Farmers' Perception of their Decision-Making in Relation to Policy Schemes: A Comparison of Case Studies from Switzerland and the United StatesLand Use Policy
AbstractFarmers are decision-makers in a complex system of cause and effect. They decide with respect to their own attitude and beliefs, according to their farm structure and they take into account programs and regulations of the overarching policy scheme. In this paper we used mail surveys with identical questions to establish a cross-national comparison of two case study areas. The questionnaire investigates farmer's perspectives on what influences their own decision-making as well as their perception of the socio-ecological environment to relate these findings to the respective policy schemes in the case study areas. The two case studies are located in Southern Illinois, United States and in central Switzerland. The analysis shows that full-time farmers of the Southern Illinois case study area rate constraining factors such as financial aspects higher than Southern Illinois part-time farmers and farmers from the central Switzerland case study area. Furthermore, it is apparent that Swiss case study-farmers rate aspects of their land use responsibility and the Illinois case study-farmers rate ecological aspects higher. The empirical findings can be qualitatively explained through analysis of agricultural policy schemes.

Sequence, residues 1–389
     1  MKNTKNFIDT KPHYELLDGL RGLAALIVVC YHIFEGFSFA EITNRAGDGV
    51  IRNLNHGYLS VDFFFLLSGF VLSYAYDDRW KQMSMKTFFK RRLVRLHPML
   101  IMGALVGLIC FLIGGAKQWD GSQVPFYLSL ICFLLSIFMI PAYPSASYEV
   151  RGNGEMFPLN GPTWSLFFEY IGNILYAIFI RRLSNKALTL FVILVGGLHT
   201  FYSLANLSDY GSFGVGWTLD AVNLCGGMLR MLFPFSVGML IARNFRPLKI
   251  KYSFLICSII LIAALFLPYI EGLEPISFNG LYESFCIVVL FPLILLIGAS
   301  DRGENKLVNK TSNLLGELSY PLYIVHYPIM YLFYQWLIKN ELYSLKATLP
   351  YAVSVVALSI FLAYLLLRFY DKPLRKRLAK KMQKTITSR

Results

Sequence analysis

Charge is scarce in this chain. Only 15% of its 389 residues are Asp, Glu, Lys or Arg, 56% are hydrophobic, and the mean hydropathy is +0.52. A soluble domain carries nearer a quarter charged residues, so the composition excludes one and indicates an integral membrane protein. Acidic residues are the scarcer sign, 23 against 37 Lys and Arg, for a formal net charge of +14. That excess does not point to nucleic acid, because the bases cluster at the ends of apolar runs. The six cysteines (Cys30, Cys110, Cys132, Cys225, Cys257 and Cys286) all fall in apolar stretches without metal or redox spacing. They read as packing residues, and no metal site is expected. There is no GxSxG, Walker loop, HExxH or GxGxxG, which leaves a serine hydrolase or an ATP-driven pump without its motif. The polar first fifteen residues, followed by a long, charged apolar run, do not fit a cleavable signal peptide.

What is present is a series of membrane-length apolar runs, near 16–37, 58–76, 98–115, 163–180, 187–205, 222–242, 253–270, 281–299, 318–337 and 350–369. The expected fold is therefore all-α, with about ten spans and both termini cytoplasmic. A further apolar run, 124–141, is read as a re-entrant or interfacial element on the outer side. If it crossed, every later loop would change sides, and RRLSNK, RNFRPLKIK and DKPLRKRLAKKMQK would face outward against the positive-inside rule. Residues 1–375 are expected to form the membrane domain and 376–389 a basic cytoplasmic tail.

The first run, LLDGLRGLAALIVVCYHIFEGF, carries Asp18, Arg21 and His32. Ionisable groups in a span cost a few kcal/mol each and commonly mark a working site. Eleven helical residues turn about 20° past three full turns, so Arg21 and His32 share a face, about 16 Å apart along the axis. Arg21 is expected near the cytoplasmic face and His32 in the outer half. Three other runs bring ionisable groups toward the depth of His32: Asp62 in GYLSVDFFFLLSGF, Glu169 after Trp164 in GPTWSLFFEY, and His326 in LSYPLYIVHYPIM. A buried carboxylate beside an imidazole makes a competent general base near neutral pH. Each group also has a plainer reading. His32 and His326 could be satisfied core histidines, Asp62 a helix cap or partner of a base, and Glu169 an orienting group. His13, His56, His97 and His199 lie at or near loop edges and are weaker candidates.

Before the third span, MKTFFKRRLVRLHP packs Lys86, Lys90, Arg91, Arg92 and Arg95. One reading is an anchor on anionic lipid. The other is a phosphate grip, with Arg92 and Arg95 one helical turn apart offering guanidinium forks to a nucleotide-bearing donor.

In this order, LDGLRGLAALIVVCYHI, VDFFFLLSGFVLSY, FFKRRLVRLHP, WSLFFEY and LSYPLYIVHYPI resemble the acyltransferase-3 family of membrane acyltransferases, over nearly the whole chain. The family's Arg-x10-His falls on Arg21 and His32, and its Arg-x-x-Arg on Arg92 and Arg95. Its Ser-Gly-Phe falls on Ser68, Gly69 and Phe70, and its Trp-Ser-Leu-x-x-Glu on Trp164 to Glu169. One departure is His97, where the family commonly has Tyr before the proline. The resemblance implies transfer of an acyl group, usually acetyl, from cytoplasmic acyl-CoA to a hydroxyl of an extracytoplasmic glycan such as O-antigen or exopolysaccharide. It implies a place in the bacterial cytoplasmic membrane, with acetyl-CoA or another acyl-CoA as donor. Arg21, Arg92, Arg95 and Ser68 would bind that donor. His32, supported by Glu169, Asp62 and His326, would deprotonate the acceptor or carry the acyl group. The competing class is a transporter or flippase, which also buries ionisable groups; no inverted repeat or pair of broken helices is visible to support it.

Citation InformationCelio, E., C.G. Flint, P. Schoch, and A. Grêt-Regamey. 2014. Farmers' perception of their decision-making in relation to policy schemes: A comparison of case studies from Switzerland and the United States. Land Use Policy 41: 163-171.